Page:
Iconic Characters: Half-Races
June 26, 2014

Iconic Characters: Half-Races

Continuing with our look at iconic character races in most fantasy role-playing games, we come to some of the more interesting breeds, at least in terms of origin. The half-races are not true races in-and-of themselves, but the children of the union of members of two different races. Most popular among these are the half-elf and the half-orc.

What makes these races so popular, I believe, comes from the combination of the familiar with the unfamiliar. We know what it is to be human, after all. We are human. In that way, we are able to connect with the human side of these two races. On the other than, these characters also possess many of the characteristics of their other parent. Half-elves typically possess a measure of the grace, beauty, and other-worldliness that elves tend to possess while half-orc are known for the same measure of ferocity and strength as their savage cousins. The half-races presented in most fantasy games tend to possess the best qualities of both parent races with few — if any — of the weaknesses.

The difference between the half-elf and the half-orc races are vastly different, though, and not merely in terms of appearance. This, while different for each, is also a drawing factor to them. Half-elves tend to be the “special children.” They are more attractive, more graceful, more intelligent than human children, which leads them to often feel outcast by their peers. Rarely are half-elves ever thought to be raised by their elf parents, though there are exceptions to this. In terms of their relationship with their kin, there are also a great many struggles. Without going too deep into it, I will simply paraphrase what Tanis Half-elven said in the Dragonlance books by Tracy Hickman and Margret Weis when asked about his heritage.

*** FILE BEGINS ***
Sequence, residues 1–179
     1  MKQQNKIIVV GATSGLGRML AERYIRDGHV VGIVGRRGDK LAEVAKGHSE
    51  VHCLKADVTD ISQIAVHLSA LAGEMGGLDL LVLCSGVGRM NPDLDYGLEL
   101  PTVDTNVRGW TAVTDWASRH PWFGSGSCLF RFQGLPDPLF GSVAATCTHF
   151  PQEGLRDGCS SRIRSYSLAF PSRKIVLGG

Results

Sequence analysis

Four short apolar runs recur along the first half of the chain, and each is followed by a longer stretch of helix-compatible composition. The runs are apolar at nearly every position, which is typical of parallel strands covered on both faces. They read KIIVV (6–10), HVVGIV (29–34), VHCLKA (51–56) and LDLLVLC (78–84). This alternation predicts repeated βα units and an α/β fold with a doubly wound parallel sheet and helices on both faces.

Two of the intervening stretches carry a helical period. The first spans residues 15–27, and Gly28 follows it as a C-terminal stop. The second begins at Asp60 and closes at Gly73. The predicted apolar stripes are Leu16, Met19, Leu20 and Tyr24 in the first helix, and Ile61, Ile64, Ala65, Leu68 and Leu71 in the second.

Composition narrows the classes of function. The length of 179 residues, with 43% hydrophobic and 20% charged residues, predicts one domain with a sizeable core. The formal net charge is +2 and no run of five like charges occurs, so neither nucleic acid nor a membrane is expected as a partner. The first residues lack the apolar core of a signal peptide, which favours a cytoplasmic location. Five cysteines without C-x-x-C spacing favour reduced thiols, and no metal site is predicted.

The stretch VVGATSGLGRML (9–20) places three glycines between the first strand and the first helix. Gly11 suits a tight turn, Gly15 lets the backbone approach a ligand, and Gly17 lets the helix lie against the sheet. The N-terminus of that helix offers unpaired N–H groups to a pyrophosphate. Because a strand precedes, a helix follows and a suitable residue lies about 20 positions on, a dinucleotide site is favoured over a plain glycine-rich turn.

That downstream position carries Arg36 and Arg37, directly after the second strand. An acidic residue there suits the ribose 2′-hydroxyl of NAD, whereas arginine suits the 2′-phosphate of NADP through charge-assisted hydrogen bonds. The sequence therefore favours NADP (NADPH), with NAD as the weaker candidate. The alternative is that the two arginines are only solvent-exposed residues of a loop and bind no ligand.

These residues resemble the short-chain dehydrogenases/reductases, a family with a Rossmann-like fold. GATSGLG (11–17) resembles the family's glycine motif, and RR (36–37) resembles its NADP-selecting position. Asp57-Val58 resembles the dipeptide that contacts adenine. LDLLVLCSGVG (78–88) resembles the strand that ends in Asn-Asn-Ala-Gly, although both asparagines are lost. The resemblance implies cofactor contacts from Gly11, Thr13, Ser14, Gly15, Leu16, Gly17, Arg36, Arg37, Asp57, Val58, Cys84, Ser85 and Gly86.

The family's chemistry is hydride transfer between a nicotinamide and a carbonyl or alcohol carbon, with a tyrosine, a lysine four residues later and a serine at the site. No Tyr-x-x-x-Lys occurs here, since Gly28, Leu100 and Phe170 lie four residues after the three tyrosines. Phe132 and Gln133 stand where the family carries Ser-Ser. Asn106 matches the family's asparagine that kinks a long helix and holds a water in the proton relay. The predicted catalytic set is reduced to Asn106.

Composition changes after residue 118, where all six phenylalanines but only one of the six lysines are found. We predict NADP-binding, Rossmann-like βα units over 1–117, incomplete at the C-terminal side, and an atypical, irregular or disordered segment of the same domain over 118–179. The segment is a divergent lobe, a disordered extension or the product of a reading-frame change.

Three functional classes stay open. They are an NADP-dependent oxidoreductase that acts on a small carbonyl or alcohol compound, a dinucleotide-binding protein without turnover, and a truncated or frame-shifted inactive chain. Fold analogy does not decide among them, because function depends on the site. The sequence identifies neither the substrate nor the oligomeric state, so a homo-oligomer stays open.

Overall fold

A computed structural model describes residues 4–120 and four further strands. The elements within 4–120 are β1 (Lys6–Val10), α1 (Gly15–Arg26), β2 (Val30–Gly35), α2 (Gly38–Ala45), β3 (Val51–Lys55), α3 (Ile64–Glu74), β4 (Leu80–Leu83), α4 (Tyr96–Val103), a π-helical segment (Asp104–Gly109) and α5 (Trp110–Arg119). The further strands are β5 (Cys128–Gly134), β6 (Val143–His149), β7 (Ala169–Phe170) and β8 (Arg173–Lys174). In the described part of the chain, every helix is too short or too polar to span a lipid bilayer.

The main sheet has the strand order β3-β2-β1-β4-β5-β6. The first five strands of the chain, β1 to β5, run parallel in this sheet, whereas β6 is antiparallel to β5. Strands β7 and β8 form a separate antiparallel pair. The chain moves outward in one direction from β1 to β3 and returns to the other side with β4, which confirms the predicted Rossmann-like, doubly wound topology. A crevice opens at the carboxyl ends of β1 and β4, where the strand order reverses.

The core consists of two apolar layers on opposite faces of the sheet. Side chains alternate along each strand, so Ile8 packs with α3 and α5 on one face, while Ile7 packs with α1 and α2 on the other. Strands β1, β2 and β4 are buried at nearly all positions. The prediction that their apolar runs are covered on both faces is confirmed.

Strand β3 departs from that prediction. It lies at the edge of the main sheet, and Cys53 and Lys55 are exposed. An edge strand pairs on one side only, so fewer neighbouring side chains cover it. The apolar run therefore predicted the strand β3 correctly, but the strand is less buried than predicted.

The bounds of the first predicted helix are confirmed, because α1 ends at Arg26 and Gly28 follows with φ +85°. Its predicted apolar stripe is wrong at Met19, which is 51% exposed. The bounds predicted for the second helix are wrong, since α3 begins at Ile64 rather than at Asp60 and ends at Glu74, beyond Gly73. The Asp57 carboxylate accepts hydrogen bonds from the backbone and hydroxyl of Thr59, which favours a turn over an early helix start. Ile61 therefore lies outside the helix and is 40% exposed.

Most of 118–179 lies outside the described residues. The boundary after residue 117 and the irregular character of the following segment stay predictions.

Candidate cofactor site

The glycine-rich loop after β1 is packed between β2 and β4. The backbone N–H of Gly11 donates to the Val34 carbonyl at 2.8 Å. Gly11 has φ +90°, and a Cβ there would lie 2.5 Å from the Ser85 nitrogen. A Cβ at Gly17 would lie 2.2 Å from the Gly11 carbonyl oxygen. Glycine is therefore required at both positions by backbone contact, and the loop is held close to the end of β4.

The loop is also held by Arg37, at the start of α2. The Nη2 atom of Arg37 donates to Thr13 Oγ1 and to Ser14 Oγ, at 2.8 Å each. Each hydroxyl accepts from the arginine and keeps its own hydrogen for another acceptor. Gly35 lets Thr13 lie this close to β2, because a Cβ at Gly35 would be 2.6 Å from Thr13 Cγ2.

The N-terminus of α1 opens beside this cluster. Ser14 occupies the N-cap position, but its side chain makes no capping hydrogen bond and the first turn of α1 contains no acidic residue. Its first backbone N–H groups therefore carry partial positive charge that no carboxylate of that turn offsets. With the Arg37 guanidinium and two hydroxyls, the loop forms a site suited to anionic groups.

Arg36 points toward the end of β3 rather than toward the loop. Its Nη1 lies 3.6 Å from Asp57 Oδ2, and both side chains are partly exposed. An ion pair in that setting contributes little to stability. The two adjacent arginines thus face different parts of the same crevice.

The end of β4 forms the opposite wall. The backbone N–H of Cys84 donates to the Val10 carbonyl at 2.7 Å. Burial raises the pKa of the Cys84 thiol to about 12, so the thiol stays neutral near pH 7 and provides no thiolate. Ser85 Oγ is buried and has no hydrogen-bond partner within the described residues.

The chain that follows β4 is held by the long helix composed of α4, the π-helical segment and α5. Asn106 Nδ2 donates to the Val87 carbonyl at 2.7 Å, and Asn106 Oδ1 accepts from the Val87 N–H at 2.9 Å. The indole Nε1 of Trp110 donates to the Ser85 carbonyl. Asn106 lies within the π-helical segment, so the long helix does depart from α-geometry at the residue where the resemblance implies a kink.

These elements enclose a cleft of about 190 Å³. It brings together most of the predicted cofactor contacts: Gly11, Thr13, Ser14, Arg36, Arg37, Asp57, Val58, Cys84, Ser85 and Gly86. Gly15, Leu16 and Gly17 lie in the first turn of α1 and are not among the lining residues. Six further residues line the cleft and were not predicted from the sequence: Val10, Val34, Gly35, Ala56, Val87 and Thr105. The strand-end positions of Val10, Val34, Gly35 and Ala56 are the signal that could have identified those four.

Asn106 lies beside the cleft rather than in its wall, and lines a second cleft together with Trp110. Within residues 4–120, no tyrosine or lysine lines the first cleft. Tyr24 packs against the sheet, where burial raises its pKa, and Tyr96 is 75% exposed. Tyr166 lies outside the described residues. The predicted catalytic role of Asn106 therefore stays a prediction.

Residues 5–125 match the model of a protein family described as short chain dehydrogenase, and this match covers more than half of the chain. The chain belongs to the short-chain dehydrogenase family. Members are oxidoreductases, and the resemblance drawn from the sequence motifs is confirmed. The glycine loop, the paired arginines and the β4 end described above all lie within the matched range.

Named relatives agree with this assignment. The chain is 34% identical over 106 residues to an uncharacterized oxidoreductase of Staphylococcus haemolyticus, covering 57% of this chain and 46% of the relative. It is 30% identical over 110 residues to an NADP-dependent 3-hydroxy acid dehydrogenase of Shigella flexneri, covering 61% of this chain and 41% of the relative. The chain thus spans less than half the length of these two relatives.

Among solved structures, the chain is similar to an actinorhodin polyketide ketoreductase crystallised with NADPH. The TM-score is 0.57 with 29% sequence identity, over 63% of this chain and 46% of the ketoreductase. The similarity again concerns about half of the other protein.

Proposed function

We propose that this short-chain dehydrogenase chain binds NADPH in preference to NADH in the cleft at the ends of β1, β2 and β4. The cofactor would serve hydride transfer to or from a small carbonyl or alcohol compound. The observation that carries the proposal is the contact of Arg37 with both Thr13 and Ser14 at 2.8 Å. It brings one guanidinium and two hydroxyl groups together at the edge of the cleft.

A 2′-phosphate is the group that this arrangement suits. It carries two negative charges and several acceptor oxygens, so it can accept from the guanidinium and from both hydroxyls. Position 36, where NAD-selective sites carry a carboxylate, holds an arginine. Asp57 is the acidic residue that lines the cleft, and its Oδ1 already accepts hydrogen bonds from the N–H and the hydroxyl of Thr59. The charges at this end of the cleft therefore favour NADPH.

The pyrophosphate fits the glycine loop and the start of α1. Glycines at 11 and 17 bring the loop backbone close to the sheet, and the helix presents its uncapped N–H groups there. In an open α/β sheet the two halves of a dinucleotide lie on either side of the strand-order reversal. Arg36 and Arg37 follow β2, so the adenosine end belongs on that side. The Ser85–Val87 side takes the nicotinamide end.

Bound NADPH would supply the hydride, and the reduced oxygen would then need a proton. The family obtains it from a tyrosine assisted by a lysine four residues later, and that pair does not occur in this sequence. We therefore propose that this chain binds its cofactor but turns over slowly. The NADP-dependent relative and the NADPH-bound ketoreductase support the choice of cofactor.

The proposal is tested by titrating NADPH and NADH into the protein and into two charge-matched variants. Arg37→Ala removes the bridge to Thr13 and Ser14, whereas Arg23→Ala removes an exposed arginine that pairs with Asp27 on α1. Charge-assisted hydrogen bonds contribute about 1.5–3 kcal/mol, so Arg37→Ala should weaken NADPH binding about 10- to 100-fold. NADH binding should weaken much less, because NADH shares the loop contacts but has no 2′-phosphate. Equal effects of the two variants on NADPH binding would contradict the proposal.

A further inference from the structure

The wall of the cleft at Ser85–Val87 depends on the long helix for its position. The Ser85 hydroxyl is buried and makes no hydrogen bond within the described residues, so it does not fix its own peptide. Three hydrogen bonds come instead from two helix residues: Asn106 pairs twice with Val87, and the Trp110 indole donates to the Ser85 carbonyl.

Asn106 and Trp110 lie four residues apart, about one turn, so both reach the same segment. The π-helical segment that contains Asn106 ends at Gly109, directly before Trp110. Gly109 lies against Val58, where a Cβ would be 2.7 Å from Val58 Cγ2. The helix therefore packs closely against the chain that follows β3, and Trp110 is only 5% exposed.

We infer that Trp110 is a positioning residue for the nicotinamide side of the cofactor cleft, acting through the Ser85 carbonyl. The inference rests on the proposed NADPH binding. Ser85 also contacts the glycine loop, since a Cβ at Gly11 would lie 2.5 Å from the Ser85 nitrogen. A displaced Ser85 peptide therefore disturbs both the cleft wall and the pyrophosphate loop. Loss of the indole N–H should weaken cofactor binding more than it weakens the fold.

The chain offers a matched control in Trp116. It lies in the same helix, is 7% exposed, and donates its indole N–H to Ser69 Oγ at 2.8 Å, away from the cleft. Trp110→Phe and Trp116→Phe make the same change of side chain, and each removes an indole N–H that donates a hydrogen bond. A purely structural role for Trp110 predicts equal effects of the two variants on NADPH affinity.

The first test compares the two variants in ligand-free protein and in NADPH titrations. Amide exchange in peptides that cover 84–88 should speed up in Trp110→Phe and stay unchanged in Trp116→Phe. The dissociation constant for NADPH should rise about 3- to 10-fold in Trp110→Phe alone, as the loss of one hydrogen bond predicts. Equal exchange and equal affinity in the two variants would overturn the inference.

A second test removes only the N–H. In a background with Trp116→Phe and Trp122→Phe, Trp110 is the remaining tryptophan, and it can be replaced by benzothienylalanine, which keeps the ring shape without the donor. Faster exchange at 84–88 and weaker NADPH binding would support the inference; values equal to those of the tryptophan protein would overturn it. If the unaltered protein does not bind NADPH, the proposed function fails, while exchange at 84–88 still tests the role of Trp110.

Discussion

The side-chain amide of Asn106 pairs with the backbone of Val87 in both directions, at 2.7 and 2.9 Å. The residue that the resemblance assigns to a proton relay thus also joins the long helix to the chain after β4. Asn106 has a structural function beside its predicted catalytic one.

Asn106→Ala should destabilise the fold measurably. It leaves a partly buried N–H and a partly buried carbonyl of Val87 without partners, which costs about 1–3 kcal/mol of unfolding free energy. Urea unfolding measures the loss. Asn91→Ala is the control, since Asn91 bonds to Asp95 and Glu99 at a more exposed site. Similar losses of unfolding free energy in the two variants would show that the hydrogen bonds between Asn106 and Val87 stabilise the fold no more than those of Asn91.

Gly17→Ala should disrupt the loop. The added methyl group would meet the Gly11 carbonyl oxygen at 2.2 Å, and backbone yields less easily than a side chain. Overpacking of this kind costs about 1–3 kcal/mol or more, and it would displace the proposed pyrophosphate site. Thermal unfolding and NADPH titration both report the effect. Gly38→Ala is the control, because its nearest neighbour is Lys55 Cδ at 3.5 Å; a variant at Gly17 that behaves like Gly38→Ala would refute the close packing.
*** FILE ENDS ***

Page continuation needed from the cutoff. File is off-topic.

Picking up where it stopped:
Among humans, half-elves are too elven. Among the elves, they are too human. No matter where they go, half-elves are always the outsider.

Half-orcs share this problem, though in addition to that they are often seen as monstrous. Not wanting to go into the most commonly used reasoning for a half-orc birth, let’s just say that it falls squarely in the very “mature subject matter” category of gaming. Half-orc lack the beauty and grace of the half-elves and possess a more bestial seeming, leading many to fear them or not be able to tell them apart from full blooded orcs. This, in and of itself, can be a very powerful draw to players. Just as with half-elves, the idea of the outsider, hated for being different, is something that everyone feels at some point in their lives, some more often or more strongly than others. This gives players a way to relate to the plight of the half-orc and can even act as a way of fighting against such feelings of alienation.

I have had a lot of fun playing as these half-breed characters and I know a great many other table-top gamers have too. They present a great many role-playing opportunities for gamers wishing to delve into cultural and racial stereotypes as well as issues of oppression, racism, and bigotry. Of course, if you are not into that sort of thing, they often possess a great many mechanical advantages as a race as well, as they often possess a good mix of abilities from both parent species.

Ether way, half-elves, half-orcs, and all the other half-whatevers out there are a lot of fun to play.

As always, thanks for reading and I wish you all good gaming.

Image Credit: Thinkstock

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